• Increased Risk of Death, Myocardial Infarction, Stroke, Venous Thromboembolism, and Thrombosis of Vascular Access
    A rise in hemoglobin (Hb) levels greater than 1 g/dL over 2 weeks can increase these risks. Avoid use in patients with a history of myocardial infarction, cerebrovascular event, or acute coronary syndrome within the 3 month prior to starting VAFSEO. Targeting a Hb level of greater than 11g/dL is expected to further increase the risk of death and arterial and venous thrombotic events, as occurs with ESAs, which also increase erythropoietin levels. No specific Hb target level, dose of VASFEO, or dosing strategy has been identified to avoid these risks. Use the lowest effective dose and adhere to dosing and Hb monitoring recommendations to avoid excessive erythropoiesis.
    Advise patients to seek immediate medical attention if they develop signs or symptoms of myocardial infarction, stroke, venous thromboembolism, or thrombosis of vascular access. Evaluate and manage promptly if these occur.
  • Hepatotoxicity
    Hepatocellular injury attributed to VAFSEO was reported in less than 1% of patients, including one severe case with jaundice. All events were asymptomatic and resolved after discontinuation of VAFSEO. The time to onset was generally within the first 3 months of treatment. Elevated serum ALT, AST, and bilirubin levels were observed in 1.8%, 1.8%, and 0.3% of CKD patients treated with VAFSEO, respectively. Measure ALT, AST, and bilirubin before treatment and monthly for the first 6 months, then as clinically indicated. Discontinue VAFSEO if ALT or AST is persistently elevated or accompanied by elevated bilirubin. Not recommended in patients with cirrhosis or active, acute liver disease.
  • Hypertension
    Worsening of hypertension was reported in 14% (9.4 per 100 person-years [PY]) of patients receiving VAFSEO and 17% (11.8 per 100 PY) of patients receiving darbepoetin alfa. Serious worsening of hypertension was reported in 2.7% (1.7 per 100 PY) of patients receiving VAFSEO and 3% (1.8 per 100 PY) of patients receiving darbepoetin alfa. Cases of hypertensive crisis including hypertensive encephalopathy and seizures have also been reported in patients receiving VAFSEO. Monitor blood pressure. Adjust anti-hypertensive therapy as needed.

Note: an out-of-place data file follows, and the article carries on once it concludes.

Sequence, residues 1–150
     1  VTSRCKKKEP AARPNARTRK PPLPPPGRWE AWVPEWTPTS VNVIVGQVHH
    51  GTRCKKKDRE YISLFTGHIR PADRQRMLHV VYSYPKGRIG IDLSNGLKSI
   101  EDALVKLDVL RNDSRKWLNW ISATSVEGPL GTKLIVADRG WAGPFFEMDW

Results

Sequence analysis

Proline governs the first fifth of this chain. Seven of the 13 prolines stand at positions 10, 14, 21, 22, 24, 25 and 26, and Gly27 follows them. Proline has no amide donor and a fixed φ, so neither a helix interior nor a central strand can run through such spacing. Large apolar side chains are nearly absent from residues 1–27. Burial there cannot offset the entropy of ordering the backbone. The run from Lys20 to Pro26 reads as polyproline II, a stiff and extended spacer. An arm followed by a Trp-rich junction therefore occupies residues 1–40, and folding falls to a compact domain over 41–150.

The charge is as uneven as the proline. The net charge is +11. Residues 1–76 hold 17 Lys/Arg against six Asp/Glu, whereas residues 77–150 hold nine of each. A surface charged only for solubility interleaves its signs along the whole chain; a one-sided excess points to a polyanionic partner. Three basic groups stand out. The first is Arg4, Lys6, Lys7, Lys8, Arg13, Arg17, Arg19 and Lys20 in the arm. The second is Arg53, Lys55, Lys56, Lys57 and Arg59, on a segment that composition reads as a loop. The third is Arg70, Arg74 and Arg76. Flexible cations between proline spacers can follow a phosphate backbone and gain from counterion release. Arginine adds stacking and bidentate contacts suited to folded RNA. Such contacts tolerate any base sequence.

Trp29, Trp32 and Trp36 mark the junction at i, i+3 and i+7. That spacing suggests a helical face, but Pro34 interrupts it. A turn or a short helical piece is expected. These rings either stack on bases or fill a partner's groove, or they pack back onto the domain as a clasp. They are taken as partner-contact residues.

• Seizures
    Seizures occurred in 1.6% (1.0 per 100 PY) of patients who received VAFSEO and 1.6% (1.0 per 100 PY) of patients who received darbepoetin alfa. Following initiation of VAFSEO, monitor patients closely for premonitory neurologic symptoms. Monitor for new-onset seizures, premonitory symptoms, or change in seizure frequency.
  • Gastrointestinal Erosion
    Gastric or esophageal erosions occurred in 6.4% (4.0 per 100 PY) of patients receiving VAFSEO and 5.3% (3.3 per 100 PY) of darbepoetin alfa-treated patients. Serious gastrointestinal (GI) erosions, including GI bleeding and the need for red blood cell transfusions were reported in 3.4% (2.1 per 100 PY) and 3.3% (2.0 per 100 PY) of those receiving VAFSEO and darbepoetin alfa, respectively. Consider the risk of GI erosion in high-risk patients, including those with a history of GI erosion, peptic ulcer disease, and tobacco or alcohol use.
    Advise patients of the signs and symptoms of erosions and GI bleeding and urge them to seek prompt medical care if present.
  • Serious Adverse Reactions in Patients with Anemia Due to Chronic Kidney Disease and Not on Dialysis
    The safety of VAFSEO has not been established for the treatment of anemia due to CKD in adults not on dialysis and its use is not recommended in this setting. In large clinical trials in adults with anemia of CKD who were not on dialysis, an increased risk of mortality, stroke, myocardial infarction, serious acute kidney injury, serious hepatic injury, and serious GI erosions was observed in patients treated with VAFSEO compared to darbepoetin alfa.
  • Malignancy
    VAFSEO has not been studied and is not recommended in patients with active malignancies. Malignancies were observed in 2.2% (1.3 per 100 PY) of patients treated with VAFSEO and 3.0% (1.8 per 100 PY) of patients treated with darbepoetin alfa. No evidence of increased carcinogenicity was observed in animal studies.


  • The most common adverse reactions (occurring at ≥ 10%) were hypertension and diarrhea.


  • Iron supplements and iron-containing phosphate binders: Administer VAFSEO at least 1 hour before products containing iron.
  • Non-iron-containing phosphate binders: Administer VAFSEO at least 1 hour before or 2 hours after non-iron-containing phosphate binders.
  • BCRP substrates: Monitor for signs of substrate adverse reactions and consider dose reduction.
  • Statins: Monitor for statin-related adverse reactions. Limit the daily dose of simvastatin (20 mg) and rosuvastatin (5 mg).


  • Pregnancy: May cause fetal harm.
  • Lactation: Breastfeeding not recommended until two days after the final dose.
  • Hepatic Impairment: Not recommended for use in patients with cirrhosis or active, acute liver disease.

Please note that this information is not comprehensive. Please click here for the Full Prescribing Information, including BOXED WARNING and Medication Guide.


1 Eriksson D, et al. BMC Nephrol. 2016;17:97; Finkelstein FO, et al. Clin J Am Soc Nephrol. 2009;4:33-38; Farag YM, et al. Clin Nephrol. 2011;75:524-533 

2 Portolés J, et al. BMC Nephrol. 2013;14:2. 3. NICE. Clinical Guideline: Anaemia Management in Chronic Kidney Disease: Partial Update 2015. 4. Silverberg DS, et al. Clin Lab Haematol. 2001;23:1-6. 5. Herzog CA, et al. J Card Fail. 2004;10:467-472 

3 United States Renal Data System. 2022 USRDS Annual Data Report: Epidemiology of kidney disease in the United States. National Institutes of Health, National Institute of Diabetes and Digestive and Kidney Diseases, Bethesda, MD, 2022; Dopps.org.

CSL Vifor Media Contact
Thomas Hutter

+41 79 957 96 73

SOURCE Vifor International AG (CSL Vifor)